At the Baseball on Broadway rally on March 30, they served hot dogs, fresh popcorn, stale speeches and shattered nerves.
'''We're going to fire this very large Civil War cannon,'' they warned several times. ''It will be VERY LOUD.''
We knew it was coming. But when it went off like a watermelon-size cherry bomb, the crowd levitated like disciples of the Maharishi Whatwasdat. I jumped out of my tube socks.
The same thing is about to happen in the Great Stadium Debate. Everyone is standing around yakking about it, while the big guns are all pointed at the riverfront. And when they say ''bang,'' Cincinnati will jump on cue.
The fuse will be lit soon, before Broadway picks up more public support and voters get the crazy notion that they have a choice. My prediction:
First, we will be told there's not enough money to build two stadiums at once (don't believe it). The Reds will have to wait. (Bengals owner Mike Brown said so Tuesday: football first, Reds later.)
The Reds will protest - just enough to get millions from the county, like the $3.4 million a year that persuaded the Bengals to wait for a stadium.
And while taxpayers cover the Reds' losses - about $16 million a year - Fort Washington Way can be rebuilt to put a ballpark on the riverfront in five years or so. The Reds get millions to sit tight, then get tossed into the riverfront briar patch they wanted all along.
There may be protests about paying off Marge Schott, who has stiffed taxpayers for stadium rent and is locked in a lease until 2010. People might object to using stadium taxes to stack the deck for the riverfront.
But unless city council blocks the riverfront Reds, Broadway Commons will soon be ''what mighta been.''
This is just my opinion - not our editorial board position. But I started out sold on two riverfront stadiums. It was the ''postcard'' pitch. Glamour shots of Cincinnati always show the skyline, so the stadiums belong in that picture.
But after looking closer, I decided it's smarter to make new postcards of the Reds on Broadway than to shoehorn them into the riverfront.
ZHA, a consultant hired to rate alternatives: ''Unquestionably, this (Broadway) option will tend to enhance existing and potential new investments in the Over-the-Rhine area and could signal the beginning of a vast new initiative by the city to refurbish this remarkable area (of) many architecturally attractive structures. The process, while complicated, is achievable within a relatively short time span and would represent a worthy endeavor for the city.''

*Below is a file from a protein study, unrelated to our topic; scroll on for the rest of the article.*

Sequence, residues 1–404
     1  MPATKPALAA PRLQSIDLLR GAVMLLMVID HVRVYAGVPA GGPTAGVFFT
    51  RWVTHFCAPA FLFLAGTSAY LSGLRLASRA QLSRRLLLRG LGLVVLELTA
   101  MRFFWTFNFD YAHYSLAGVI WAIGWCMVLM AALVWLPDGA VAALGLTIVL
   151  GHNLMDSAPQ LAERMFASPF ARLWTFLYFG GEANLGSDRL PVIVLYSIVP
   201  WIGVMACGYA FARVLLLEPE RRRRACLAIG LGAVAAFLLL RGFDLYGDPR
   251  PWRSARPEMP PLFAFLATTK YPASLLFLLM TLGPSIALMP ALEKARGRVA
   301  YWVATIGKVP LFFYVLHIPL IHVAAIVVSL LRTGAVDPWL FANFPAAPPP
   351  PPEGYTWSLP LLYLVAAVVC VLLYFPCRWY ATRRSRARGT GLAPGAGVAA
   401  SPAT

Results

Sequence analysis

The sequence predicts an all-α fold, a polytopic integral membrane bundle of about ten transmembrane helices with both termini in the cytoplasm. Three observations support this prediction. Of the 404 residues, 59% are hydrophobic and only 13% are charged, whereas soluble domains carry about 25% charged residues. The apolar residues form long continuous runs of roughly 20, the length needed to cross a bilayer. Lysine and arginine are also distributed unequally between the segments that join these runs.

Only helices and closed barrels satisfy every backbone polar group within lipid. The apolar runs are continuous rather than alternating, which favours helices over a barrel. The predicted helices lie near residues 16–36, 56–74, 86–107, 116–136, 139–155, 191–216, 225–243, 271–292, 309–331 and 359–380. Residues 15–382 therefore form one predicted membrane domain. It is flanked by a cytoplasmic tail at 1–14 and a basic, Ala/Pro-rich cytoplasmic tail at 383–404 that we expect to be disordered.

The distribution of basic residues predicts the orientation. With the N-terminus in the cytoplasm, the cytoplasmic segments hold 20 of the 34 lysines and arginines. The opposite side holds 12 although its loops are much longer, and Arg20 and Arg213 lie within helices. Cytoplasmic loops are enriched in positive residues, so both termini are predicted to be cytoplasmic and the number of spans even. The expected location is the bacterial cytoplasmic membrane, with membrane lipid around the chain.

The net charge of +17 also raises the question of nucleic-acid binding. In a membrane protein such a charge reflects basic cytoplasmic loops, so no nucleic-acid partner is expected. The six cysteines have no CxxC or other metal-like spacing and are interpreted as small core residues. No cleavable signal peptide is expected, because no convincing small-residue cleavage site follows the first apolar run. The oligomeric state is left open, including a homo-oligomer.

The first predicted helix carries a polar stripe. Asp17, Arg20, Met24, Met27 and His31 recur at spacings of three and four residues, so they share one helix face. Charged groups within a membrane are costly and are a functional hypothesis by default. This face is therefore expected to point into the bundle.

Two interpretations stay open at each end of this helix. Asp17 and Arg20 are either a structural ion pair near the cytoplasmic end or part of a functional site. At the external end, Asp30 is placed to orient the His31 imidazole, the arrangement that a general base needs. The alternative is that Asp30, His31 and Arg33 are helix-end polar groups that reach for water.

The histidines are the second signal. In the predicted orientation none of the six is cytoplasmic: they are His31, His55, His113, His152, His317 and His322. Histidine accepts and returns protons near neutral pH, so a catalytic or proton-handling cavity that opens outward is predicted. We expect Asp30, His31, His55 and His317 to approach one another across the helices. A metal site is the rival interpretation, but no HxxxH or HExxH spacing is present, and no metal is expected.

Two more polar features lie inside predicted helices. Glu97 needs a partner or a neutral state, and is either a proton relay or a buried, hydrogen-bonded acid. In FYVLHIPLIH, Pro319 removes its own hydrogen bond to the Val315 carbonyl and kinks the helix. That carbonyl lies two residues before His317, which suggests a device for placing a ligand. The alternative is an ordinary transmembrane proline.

ZHA said Broadway would bring more economic development, faster than riverfront sites ($3.6 million annually vs. $3.3 million); and keep money in Hamilton County, not Northern Kentucky, which gets 30 percent of riverfront spending.
ZHA predicts ''immediate success'' at Broadway.
The Hamilton County Regional Planning Commission chose Broadway, for good parking, easy traffic access and less disruption to the teams. (Riverfront wedge sites require partial demolition of Cinergy Field during construction.)
County planners liked the way Broadway ''returns the waterfront to the people'' and ''alleviates the need for two monolithic stadium structures on the riverfront.'' And a neighborhood ballpark gets people out of their cars. Riverfront is a drive-up window for fast-food fans who hardly leave their minivans to watch a game, then hit the highways before they get any downtown on their loafers.
Broadway ''will immediately look like it belongs there,'' the planners said.
The Cincinnati City Planning Department chose Broadway for ''the potential for positive redevelopment in the northeastern corner of the Central Business District and in Over-the-Rhine ... ''
A riverfront site is no disaster. But I have another reason to back Broadway: Some Wedgies are pretty annoying.
Broadway backers believe the Riverfront is being pushed by the downtown crowd whose ''community interests'' often seem to overlap with self-interests.
''Let's put it this way,'' said Hamilton County Commissioner John Dowlin, who supports Broadway. ''They don't own real estate around Broadway Commons in Over-the-Rhine.''
Downtown Cincinnati Inc. said more parking and a stadium closer to Fourth Street means ''property values in office core will benefit with world-class facilities across the street.''
And the chairman of DCI is John Barrett, CEO of Western Southern Life Insurance - ''across the street'' from the riverfront wedge sites.
But I think that conspiracy theory is as overrated as the dwindling clout of the downtown crowd. It really comes down to the whiney Reds.
They could beat the Bengals with a new stadium on Broadway by year 2000, immediately replace losses with millions in profits, lead a ''worthy endeavor'' to revitalize a neglected neighborhood and play ball against the post-card perfect, emerald backdrop of Mount Adams.
Instead, they're primed to explode if they don't get the riverfront.
And we will jump to give it to them.
Peter Bronson is editorial page editor of The Enquirer. Call 768-8301, or write to 312 Elm Street, Cincinnati, Ohio 45202.